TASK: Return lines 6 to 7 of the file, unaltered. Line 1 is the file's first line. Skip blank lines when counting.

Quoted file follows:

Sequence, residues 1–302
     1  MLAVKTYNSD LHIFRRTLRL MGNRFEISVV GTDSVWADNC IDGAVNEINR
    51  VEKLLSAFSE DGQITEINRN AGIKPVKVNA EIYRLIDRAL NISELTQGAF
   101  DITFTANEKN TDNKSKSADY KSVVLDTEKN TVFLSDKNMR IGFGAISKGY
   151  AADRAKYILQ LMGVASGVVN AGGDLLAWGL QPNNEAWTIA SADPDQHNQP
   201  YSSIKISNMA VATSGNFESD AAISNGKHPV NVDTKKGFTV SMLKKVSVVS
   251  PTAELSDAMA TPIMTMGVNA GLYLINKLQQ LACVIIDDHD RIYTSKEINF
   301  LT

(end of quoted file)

   201  YSSIKISNMA VATSGNFESD AAISNGKHPV NVDTKKGFTV SMLKKVSVVS
   251  PTAELSDAMA TPIMTMGVNA GLYLINKLQQ LACVIIDDHD RIYTSKEINF